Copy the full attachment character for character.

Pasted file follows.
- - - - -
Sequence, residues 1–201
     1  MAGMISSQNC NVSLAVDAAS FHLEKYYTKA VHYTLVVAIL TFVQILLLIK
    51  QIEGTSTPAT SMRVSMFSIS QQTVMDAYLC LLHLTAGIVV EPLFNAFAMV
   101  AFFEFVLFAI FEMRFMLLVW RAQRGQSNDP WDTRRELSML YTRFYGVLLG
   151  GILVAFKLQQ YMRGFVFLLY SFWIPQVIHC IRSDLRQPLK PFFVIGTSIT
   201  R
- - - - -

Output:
Sequence, residues 1–201
     1  MAGMISSQNC NVSLAVDAAS FHLEKYYTKA VHYTLVVAIL TFVQILLLIK
    51  QIEGTSTPAT SMRVSMFSIS QQTVMDAYLC LLHLTAGIVV EPLFNAFAMV
   101  AFFEFVLFAI FEMRFMLLVW RAQRGQSNDP WDTRRELSML YTRFYGVLLG
   151  GILVAFKLQQ YMRGFVFLLY SFWIPQVIHC IRSDLRQPLK PFFVIGTSIT
   201  R